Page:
Tung-shih to Feng-yuan- Closed on August 31st 1991 when the old “Mountain Line” was diverted to a new high speed double track alignment, largely in tunnel. It is still largely extant and was once considered for use as a "heritage" line.
Sheng-kang to Tan-tzu - mainly built to supply the adjacent airbase, closed to passengers February 28th 1991, now closed completely.
Freight branches still operate to Tai-chung, Kaoh-siung and Hua-lien harbours and the power station at Lin-kou. It has been reported that TRA now run two return passenger workings on work-days only along the Lin-kou branch and tourist trains also run around Kaoh-siung harbour, reportedly steam operated on occasions. Details of these will be added later.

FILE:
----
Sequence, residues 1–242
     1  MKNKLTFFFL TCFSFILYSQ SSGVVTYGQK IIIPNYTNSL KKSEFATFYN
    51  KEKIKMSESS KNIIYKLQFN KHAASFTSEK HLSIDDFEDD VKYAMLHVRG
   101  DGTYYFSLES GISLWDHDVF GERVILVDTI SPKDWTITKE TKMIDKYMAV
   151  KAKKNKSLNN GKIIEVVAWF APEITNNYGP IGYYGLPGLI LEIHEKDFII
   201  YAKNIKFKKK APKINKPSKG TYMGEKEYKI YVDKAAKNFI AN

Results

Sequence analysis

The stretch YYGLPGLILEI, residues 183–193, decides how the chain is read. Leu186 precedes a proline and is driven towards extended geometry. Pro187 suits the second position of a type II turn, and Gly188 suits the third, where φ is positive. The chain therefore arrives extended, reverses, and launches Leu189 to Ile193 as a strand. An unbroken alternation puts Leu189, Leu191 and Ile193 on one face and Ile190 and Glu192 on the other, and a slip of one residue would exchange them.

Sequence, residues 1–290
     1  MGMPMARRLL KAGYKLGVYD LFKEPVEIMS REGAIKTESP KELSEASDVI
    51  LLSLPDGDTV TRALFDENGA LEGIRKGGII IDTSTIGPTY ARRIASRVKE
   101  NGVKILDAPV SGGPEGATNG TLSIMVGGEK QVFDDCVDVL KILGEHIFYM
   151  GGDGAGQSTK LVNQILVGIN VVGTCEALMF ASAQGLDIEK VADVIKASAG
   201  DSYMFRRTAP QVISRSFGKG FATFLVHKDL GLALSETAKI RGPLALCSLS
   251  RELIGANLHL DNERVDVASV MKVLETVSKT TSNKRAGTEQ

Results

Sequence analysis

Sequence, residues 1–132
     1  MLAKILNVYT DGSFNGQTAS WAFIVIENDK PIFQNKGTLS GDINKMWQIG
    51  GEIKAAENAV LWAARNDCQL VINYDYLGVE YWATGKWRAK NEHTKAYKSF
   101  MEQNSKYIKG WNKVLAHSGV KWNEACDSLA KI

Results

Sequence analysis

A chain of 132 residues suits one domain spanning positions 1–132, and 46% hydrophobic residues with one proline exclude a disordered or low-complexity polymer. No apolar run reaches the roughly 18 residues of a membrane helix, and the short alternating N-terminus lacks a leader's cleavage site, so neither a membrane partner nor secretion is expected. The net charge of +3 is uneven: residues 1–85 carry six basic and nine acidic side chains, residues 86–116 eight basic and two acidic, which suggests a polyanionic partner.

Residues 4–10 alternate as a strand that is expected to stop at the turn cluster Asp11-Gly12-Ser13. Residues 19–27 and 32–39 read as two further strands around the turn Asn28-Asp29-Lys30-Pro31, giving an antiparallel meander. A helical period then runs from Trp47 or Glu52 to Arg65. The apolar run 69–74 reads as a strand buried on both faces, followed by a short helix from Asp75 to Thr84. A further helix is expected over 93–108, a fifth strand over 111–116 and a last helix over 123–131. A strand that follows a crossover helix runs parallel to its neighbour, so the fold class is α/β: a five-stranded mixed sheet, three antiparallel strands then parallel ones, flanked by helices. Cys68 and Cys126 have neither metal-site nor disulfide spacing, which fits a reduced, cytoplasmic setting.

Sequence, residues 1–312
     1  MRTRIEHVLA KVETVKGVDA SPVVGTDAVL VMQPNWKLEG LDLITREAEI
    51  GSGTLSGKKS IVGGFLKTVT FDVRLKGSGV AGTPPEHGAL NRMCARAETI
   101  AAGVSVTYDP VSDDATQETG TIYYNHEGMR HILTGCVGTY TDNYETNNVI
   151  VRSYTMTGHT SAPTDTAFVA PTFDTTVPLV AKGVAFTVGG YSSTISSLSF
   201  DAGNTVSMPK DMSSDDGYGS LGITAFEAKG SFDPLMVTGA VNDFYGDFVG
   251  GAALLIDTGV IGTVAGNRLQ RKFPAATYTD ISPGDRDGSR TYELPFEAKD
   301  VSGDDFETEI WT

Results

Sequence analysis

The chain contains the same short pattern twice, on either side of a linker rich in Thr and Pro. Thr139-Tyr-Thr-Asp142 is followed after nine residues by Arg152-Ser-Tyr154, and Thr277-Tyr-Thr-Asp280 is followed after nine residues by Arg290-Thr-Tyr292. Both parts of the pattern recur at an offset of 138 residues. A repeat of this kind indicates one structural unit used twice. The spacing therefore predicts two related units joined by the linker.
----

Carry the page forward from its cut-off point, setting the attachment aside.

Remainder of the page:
The Tai-pei metro is currently being hugely extended, including the “Mu-cha” line using a French rubber-tyred system. This is looping around the north of the city with a station at Sungshan Domestic airport. Another metro in Kaoh-siung will be opening to traffic shortly and Metros are planned for Tai-chung and Tai-nan.
TSC have now almost abandoned both sugar production and rail traffic. In 2004 it was said that there would be no more sugar trains after that harvest (during December to March) but there were some reported somewhere in the Chia-yi area in 2005. TSC also operate some tourist undertakings, including a section of line based on the old TSC station at Wu-shu-lin, near Tai-nan (NB TSC once operated an extensive narrow gauge passenger system but this started to contract in the 1960s and ceased over ten years ago). At Wu-shu-lin there is also an operative narrow gauge steam loco that is steamed on a regular basis.